Kal Penn earned fame as a pot smoking pre-med student in the Harold and Kumar Go to White Castle franchise. The actor had starring roles on FOX's House and in Mira Nair's film " The Namesake" is leaving acting in Hollywood to go to D.C. Fans were shocked when the TV doc killed himself on House with a shotgun. Penn volunteered during President Barack Obama's presidential campaign. Let's make sure Kal Penn doesn't smoke weed in the White House. The actor shared a blunt with former President George Bush in "Harold and Kumar Escape From Guantanamo Bay."
Kal Penn (Harold and Kumar) for Obama
New Jersey-born actor Kal Penn, who played a stoner Guantanamo Bay escapee in the movies and a doctor on TV's "House," has scored a job in the White House. Way to go, dude!
Penn, 31, will become associate director in the White House Office of Public Liaison, administration officials confirmed Tuesday. The Indian-American film star will be an emissary to the Asian-American and Pacific Islander communities, along with arts and entertainment groups.
Penn campaigned extensively throughout the country for President Obama last year and was a hit on college campuses.
In an interview with Entertainment Weekly, Penn explained why he decided to leave "House." His character inexplicably committed suicide in an episode that aired Monday night.
"I was incredibly honored a couple of months ago to get the opportunity to go work in the White House," Penn explained. "I got to know the President and some of the staff during the campaign and had expressed interest in working there."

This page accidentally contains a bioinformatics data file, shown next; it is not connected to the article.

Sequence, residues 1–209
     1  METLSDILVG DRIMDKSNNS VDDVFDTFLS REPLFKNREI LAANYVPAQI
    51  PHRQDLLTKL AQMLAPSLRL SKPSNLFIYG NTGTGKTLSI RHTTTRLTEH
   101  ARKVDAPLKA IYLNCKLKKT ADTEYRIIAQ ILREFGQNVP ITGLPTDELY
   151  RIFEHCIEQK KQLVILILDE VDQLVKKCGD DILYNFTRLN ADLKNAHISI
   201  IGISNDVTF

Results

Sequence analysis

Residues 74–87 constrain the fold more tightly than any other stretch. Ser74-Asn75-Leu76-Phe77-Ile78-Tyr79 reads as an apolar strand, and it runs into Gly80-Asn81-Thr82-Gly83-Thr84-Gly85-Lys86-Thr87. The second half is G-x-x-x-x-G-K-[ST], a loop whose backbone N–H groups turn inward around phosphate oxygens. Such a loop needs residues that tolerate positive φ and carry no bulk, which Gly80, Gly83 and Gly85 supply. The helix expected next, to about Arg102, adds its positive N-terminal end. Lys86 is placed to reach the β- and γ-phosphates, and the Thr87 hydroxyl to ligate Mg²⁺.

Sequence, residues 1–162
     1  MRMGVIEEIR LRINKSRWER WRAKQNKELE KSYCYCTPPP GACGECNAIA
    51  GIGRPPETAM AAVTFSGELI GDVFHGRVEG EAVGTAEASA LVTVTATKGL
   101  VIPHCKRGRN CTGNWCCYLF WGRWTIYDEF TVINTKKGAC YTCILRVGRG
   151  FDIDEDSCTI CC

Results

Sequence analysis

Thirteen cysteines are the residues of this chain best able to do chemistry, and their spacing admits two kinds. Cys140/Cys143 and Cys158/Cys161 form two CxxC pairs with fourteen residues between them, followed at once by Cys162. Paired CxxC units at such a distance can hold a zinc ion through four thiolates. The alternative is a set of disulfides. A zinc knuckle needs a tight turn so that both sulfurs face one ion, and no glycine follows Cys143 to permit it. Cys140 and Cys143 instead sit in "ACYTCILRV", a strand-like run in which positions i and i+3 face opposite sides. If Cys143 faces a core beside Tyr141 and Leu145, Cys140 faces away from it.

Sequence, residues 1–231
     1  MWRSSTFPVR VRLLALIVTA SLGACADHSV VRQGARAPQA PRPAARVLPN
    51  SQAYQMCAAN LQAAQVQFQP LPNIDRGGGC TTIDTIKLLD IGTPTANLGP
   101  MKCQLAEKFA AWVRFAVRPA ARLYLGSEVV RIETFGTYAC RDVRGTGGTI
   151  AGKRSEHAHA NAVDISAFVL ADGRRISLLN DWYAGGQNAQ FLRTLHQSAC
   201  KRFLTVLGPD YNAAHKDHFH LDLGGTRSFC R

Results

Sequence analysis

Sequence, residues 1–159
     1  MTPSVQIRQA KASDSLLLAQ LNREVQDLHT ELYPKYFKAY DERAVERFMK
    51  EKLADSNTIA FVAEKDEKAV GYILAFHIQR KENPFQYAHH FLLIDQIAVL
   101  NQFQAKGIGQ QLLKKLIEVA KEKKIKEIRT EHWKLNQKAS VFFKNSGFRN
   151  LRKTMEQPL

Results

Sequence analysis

Penn described the office as the "front door" of the White House, saying he'll be responsible for doing outreach with the American public.
"They take out all of the red tape that falls between the general public and the White House," he said. "It's similar to what I was doing on the campaign."
Penn gained fame as the co-star of the raucous and profane "Harold and Kumar" stoner comedies that have become a cult favorite with fans worldwide. The first installment, "Harold and Kumar go to White Castle," followed the misadventures of two New Jersey guys with a pot-stoked craving for their favorite burgers.
He famously smoked weed with a fictional President Bush in the sequel, "Harold and Kumar: Escape from Guantanamo Bay,"
Penn also starred in Mira Nair's 'The Namesake,' and played a terrorist in a recurring role on "24."[NYDN]
First there was surprise suicide-by-shotgun. Now comes the salary cut – a big one. And believe it or not, TV's House doc Kal Penn asked for it.
The actor, whose character Dr. Lawrence Kutner shot himself dead in this week's episode, is wrapping up Hollywood life for a job at the White House, where annual salaries for the most senior of staffers (like, the White House Chief of Staff, for example), top out at around $172,000 – enviable, but still a fraction of what most TV actors get per episode.
"There's not a lot of financial reward in these jobs," Penn, 31, whose title will be Associate Director in the Office of Public Liaison ("basically the front door of the White House," he says), told Entertainment Weekly. "But obviously, the opportunity to serve in a capacity like this is an incredible honor."
Penn's office will be within the White House gates at 1600 Pennsylvania Avenue, but in the Eisenhower Executive Office Building adjacent to the West Wing.
A spokesman for President Obama tells PEOPLE that Penn, who was an active volunteer in Obama's campaign last year (and whose parents were Hindu immigrants from India), will handle the president's outreach to the Asian-American Pacific Islander community and the arts community. The spokesman was careful to clarify that, by arts community, they don't mean Hollywood – but rather, the type of organizations and activists that work to activate music programs in schools and keep community theater alive.
"I love what I do as an actor," says Penn, a New Jersey native whose most famous big-screen role was as the pot-smoking Kumar in the Harold and Kumar movies. "But probably from the time I was a kid, I really enjoyed that balance between the arts and public service." [PEOPLE]